If Corbyn (or any other MP) cannot commandeer more support than the largest party or grouping, then there is no duty on the PM to resign, and no duty imposed on the Queen, because it is not clear who is best placed. In those circumstances, the incumbent PM has a duty to take all steps to press for a dissolution from the Commons until and unless he can regain the confidence of the House (although the idea of regaining the confidence of the Commons is itself somewhat constitutionally questionable as a matter of history).

There are two ways that the PM can seek a dissolution in a VoNC scenario under the FtPA. The first is to bring forward a motion under the s 2(1) FtPA procedure. The second is to wait until the statutory 14-day period runs out.

The only other option for the PM is to win a Vote of Confidence under s 2(3)(b) FtPA.

(3) An early parliamentary general election is also to take place if—

(b) the period of 14 days after the day on which that motion is passed ends without the House passing a motion in the form set out in subsection (5).

5) The form of motion for the purposes of subsection (3)(b) is—

“That this House has confidence in Her Majesty’s Government.”

Crunching the numbers further

The total number of MPs is 650. There are seven Sinn Fein MPs and a quad of Speaker and Deputy Speakers. That leaves 639 MPs. Once the 320 Tory/DUP MPs are deducted, that leaves only 319 MPs. That is why the current Tory/DUP grouping has a majority of one.

It might be thought that in order to calculate the necessary figure for an alternative PM to be appointed after a VoNC, Tory MPs who voted against the government in the VoNC should be excluded from the Tory/DUP total. This would be mistaken. Indeed, some pro-Brexit Labour MPs, or others, might vote for the government in a VoNC. A VoNC is not a definitive vote of support for or against any alternative candidate for PM.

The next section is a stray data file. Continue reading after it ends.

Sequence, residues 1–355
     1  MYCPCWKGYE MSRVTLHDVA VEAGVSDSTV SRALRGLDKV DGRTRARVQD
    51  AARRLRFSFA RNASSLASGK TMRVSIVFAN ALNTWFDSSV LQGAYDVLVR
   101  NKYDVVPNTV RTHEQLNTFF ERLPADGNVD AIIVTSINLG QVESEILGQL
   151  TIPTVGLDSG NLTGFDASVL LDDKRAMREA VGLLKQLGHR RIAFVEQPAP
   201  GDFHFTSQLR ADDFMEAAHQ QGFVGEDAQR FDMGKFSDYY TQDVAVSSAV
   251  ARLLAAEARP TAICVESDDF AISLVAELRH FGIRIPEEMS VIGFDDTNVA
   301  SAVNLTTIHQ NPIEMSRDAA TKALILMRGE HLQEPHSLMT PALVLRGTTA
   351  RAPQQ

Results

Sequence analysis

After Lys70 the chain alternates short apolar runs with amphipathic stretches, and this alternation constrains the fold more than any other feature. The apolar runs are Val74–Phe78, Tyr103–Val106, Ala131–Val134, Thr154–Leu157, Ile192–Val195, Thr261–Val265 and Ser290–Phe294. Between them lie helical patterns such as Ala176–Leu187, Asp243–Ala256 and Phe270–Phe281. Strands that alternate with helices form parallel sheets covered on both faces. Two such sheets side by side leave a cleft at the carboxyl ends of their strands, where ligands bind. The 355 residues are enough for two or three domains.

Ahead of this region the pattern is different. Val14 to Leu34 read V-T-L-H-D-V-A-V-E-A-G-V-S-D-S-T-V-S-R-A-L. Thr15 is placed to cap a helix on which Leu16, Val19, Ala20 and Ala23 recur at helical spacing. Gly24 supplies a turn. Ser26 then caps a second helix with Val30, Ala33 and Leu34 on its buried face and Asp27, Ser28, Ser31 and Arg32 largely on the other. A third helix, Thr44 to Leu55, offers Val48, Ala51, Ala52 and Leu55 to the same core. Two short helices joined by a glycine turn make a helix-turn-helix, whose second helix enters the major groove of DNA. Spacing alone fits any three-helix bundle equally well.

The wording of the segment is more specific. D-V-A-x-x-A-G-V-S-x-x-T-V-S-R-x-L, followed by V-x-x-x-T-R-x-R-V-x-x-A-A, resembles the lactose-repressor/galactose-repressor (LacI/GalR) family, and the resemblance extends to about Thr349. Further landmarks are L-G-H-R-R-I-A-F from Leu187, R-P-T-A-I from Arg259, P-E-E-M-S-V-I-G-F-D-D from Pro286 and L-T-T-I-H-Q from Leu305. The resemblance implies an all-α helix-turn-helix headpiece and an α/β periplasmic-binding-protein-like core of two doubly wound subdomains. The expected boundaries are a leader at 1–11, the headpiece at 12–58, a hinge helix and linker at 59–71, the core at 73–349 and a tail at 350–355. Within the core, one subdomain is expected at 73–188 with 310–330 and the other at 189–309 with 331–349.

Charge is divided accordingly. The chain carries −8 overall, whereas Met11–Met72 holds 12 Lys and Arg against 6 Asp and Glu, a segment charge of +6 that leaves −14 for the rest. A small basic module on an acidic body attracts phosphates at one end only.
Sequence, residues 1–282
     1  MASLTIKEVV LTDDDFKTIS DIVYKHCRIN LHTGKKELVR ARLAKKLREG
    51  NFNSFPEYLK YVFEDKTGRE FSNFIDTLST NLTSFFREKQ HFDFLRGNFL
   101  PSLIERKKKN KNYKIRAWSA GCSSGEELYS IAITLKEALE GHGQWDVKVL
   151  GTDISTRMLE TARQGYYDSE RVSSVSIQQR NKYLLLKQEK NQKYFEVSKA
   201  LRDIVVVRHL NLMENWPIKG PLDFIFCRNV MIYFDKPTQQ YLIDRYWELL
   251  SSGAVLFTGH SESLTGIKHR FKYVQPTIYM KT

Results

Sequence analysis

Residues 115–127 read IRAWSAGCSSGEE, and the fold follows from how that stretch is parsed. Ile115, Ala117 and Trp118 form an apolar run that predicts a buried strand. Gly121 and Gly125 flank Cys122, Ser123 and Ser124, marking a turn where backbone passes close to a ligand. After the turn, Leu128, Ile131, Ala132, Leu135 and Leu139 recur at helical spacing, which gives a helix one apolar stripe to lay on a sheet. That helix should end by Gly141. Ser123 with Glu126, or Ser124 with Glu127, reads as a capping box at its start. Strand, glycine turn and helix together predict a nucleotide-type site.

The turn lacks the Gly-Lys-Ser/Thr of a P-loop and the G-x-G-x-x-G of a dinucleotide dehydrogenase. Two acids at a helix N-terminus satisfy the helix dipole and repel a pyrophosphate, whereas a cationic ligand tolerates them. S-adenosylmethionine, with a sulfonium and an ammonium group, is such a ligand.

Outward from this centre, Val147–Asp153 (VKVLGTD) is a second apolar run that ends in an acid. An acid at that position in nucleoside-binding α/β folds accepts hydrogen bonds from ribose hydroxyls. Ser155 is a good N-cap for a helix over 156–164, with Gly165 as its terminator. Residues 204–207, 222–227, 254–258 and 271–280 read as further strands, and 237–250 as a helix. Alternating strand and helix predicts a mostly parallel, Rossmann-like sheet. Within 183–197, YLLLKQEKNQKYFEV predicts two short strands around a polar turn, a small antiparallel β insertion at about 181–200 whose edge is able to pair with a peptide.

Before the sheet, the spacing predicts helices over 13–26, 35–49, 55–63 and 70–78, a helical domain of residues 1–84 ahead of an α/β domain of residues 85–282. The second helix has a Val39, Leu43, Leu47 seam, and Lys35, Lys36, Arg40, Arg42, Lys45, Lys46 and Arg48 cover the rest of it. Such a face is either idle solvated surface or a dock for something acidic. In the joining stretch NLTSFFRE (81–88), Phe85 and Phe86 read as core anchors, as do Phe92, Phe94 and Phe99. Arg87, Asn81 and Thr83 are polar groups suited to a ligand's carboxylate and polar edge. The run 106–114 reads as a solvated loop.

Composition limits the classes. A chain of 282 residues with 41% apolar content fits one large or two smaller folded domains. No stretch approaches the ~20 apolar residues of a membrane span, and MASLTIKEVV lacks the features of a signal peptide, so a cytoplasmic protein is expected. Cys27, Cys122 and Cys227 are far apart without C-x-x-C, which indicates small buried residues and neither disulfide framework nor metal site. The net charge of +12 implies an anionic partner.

The true test for Corbyn, or any other candidate, must be that their total support must exceed the total number of MPs who continue to take the Tory/DUP whip. (It would also, incidentally, determine which side of the House MPs would have to sit if there was a change in PM.) This means that there is only one way in which an alternative PM can gain sufficient support to create a duty on the incumbent PM to resign. Some Tory MPs would have to resign the whip to support an alternative candidate (which may or may not be Corbyn). Then these ex-Tory MPs would have to pledge their support to the alternative candidate for PM.

If this happened, that would change the numerical calculations. So imagine if, as some have suggested would be needed, 15 Tory MPs were to resign the whip to support the LOTO, or whoever, to be PM. The total remaining Tory/DUP grouping would then be 305 MPs. There would then need to be 306 MPs (15 ex-Tory MPs and 291 other MPs) to go past the total of 305 remaining Tory/DUP MPs.

If Corbyn, or anyone else, could commandeer the support of 306 MPs, he would then be clearly numerically best placed and the PM would have a duty to resign, or be dismissed by the Queen.

Does the alternative PM need an overall majority?


The numerical example above illustrates that a grouping or party may have sufficient support to mean that the incumbent has a duty to resign without the new PM having sufficient numbers for an overall majority. This happened in 2010 when David Cameron won 306 seats and was appointed following the resignation of Gordon Brown, who had 258. Cameron’s appointment as PM predated the subsequent Coalition.

If an alternative PM was appointed after a VoNC under the FtPA, he would need to win a Vote of Confidence to avert a general election. It is entirely possible that a new PM could be appointed, lose (or not even bring) a Vote of Confidence, set the election date, and remain as PM for the duration of the election period.

Bringing a VoNC

The Commons Library quotes Erskine May as authority for the convention that the government must make time in the Commons for a VoNC brought by the LOTO. There is some doubt whether this now only applies to a statutory VoNC. (It is worth mentioning that there is no legal requirement for it to be the LOTO who brings a VoNC.)